A novel preparative method has been discovered in our laboratories which produces hydroxy-substituted phenolic ethers in a simple one-pot process. Initially it was found that 4-hydroxyacetophenone, when oxidized in the presence of ammonium peroxydisulfate and concentrated sulfuric acid in methanol, resulted in 4- methoxyphenol as product in high yield. Being novel, no information about the method was available in the literature, and hence it was our task to study the reaction more extensively. The scope of the reaction was investigated in that different reagents and substrates, as well as alternative oxidants, catalysts and alcohols (or reagents which may be envisaged to behave similarly to alcohols) were used. The studies showed that 4- hydroxy-substituted benzaldehyde and acetophenone, vanillin, fuchsones and stilbenequinones as substrates all successfully afforded the phenolic ether. Other oxidants such as hydrogen peroxide, sodium perborate etc. also afforded the phenolic ether but were less effective. The use of other acids than sulfuric acid resulted in comparable or lower yields of the desired phenolic ether. When the use of alcohols or similar reagents was varied, it was found that methanol, ethanol, benzyl alcohol, allyl alcohol, but-3-en-1-ol, hex-5-en-1-ol and undec-10-en-1-ol all afforded the desired ethers in significant yields. In an investigation to determine how this method may be useful for industrial applications, it was observed that compounds such as 3,5-di-tert-butyl-4-hydroxysubstituted alkenyloxy phenols, having potential application as antioxidant precursors in the polymer industry, may be prepared. Results showed that the reaction became less efficient when the alkenyl chain length was increased. The use of different acids and oxidants, the change of the oxidant:substrate ratio and the addition of a potential lanthanide catalyst did not improve the yield of the desired ether. A mechanism for the reaction was proposed which involved an initial Baeyer-Villiger oxygen insertion step to afford an ester which was hydrolysed in situ to hydroquinone. The remaining oxidant was then involved in oxidizing some of the soformed hydroquinone to benzoquinone. It was then proposed that these two compounds, i.e., hydroquinone and benzoquinone, interacted with each other in solution, forming a charge-transfer complex. According to our proposal, the carbonyl group of the benzoquinone, when complexed with hydroquinone in solution, was then attacked by nucleophilic reagents such as alcohols. Etherification hence resulted as a consequence of this attack. A statistical experimental evaluation and optimization study was then performed which led to a system that produced the phenolic ether, 4-methoxyphenol, in an 86% yield. An analysis of the effects of the reaction parameters on the reaction showed that the reaction temperature and the oxidant:substrate ratio played a major role in deciding the effectiveness of the reaction, while the amount of substrate and acidic catalyst had a much smaller influence on the ether yields.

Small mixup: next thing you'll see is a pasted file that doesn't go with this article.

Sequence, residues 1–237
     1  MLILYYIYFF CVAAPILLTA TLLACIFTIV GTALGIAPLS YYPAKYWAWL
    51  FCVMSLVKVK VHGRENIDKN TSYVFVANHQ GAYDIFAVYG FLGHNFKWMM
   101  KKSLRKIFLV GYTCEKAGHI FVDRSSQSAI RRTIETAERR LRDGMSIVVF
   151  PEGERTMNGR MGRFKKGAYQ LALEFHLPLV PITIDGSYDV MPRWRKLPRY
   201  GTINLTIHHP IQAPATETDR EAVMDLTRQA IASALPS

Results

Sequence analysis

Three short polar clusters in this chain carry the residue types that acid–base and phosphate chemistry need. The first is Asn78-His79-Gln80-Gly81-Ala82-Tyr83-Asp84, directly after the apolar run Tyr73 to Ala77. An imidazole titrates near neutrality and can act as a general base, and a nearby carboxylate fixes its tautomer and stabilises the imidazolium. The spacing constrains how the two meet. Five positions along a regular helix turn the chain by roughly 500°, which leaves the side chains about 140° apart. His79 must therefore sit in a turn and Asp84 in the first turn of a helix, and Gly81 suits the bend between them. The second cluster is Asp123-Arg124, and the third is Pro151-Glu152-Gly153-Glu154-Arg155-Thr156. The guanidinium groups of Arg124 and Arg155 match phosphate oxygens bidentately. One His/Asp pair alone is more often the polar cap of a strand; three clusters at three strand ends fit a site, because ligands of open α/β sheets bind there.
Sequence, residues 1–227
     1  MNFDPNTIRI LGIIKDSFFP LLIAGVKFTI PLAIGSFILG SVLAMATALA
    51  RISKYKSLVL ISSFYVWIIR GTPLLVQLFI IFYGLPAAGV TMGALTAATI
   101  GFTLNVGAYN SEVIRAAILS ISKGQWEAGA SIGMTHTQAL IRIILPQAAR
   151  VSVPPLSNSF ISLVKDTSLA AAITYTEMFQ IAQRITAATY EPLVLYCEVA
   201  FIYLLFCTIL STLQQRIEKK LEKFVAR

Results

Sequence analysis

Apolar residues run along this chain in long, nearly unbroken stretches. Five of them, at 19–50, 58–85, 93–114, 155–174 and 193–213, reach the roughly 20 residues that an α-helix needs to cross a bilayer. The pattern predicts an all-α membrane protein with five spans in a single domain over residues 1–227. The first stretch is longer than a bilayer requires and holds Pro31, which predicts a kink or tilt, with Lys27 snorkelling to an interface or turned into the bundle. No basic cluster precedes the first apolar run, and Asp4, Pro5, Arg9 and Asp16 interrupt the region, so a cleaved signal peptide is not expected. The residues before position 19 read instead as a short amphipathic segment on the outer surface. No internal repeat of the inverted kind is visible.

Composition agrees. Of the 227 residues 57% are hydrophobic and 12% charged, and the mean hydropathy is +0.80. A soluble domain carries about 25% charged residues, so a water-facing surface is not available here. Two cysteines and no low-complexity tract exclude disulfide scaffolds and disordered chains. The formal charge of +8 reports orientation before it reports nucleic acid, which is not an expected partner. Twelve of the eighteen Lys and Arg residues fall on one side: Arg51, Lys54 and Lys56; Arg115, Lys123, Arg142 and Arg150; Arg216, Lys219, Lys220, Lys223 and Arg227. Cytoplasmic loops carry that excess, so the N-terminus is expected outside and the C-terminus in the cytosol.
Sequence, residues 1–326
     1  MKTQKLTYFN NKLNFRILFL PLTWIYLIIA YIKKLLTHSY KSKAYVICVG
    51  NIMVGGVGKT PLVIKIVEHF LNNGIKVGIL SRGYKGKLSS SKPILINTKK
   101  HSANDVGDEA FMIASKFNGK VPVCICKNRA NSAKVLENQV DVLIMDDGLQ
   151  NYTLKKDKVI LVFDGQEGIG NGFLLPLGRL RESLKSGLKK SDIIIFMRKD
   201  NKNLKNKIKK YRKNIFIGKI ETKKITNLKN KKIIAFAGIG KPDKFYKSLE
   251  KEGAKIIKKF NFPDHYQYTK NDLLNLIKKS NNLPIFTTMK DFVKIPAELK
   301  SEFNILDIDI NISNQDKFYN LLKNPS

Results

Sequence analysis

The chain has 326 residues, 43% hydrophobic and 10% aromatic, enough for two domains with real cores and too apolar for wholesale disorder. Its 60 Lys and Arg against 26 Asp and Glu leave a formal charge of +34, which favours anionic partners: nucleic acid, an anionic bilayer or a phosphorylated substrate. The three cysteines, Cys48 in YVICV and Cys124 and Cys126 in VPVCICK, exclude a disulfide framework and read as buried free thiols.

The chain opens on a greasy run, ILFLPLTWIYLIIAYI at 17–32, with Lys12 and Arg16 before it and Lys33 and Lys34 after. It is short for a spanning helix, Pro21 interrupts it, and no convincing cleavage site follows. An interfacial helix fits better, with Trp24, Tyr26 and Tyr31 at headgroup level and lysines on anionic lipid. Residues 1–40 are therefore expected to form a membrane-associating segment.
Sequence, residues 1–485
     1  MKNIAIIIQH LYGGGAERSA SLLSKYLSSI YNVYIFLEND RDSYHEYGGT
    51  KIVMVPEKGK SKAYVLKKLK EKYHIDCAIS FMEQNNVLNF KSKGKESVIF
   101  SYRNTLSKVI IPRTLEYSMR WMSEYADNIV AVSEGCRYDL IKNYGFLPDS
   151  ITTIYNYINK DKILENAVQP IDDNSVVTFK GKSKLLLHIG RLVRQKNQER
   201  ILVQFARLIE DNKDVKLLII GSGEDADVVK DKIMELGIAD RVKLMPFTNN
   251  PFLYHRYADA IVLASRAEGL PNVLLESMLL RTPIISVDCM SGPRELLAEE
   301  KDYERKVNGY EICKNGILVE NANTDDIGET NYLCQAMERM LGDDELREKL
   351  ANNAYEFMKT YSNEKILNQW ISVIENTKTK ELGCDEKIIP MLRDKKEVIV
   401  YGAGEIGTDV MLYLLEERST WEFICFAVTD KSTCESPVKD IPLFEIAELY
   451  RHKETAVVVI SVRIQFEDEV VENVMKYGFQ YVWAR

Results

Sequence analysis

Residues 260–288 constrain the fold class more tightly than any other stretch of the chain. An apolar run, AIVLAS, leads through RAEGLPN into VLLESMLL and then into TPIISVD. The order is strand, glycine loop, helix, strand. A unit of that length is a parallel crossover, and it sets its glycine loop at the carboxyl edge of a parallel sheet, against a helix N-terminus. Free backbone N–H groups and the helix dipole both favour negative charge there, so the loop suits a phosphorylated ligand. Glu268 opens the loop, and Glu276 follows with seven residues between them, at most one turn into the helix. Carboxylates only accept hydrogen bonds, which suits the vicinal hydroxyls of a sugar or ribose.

46

Evaluation of Lewis acid catalysed and other nitration strategies for the selective nitration of cresols

Van Niekerk, Rudolf Jacob Francois January 2001 (has links)
The nitration of m- and p-cresol was investigated under mild reaction conditions in a number of solvents; the effects of certain nitration catalysts were also evaluated. These different reaction parameters were evaluated in terms of their effect on a number of important reaction responses. Other important factors that were investigated were the manipulation of the isomer ratios by changing reaction parameters, as well as important process chemistry information, such as product distribution, isolation and purification, identification of side products formed, and evaluation of the heat of reaction. Use was made of an experimental design system to evaluate the effect of reaction parameters on the chosen design responses. It was found that the ratio of para to ortho nitrocresol products could be influenced slightly by using low concentrations of nitric acid and low reaction temperatures. A different mechanism for the formation of 2-methyl-1,4-benzoquinone (from mcresol nitration) was proposed (compared with that previously reported), which could explain a “one mole nitric acid” pathway and the fact that only the pbenzoquinone isomer was observed. Reaction side products were identified and found to consist of dimers of cresol and nitrocresol, which were probably the result of oxidation of the cresol, subsequent formation of a quinomethide intermediate and reaction with either the product or the substrate. The heat of nitration was determined for various reaction systems and found to be governed by two factors, namely the actual nitration process and also an oxidation process, which is responsible for the formation of side products.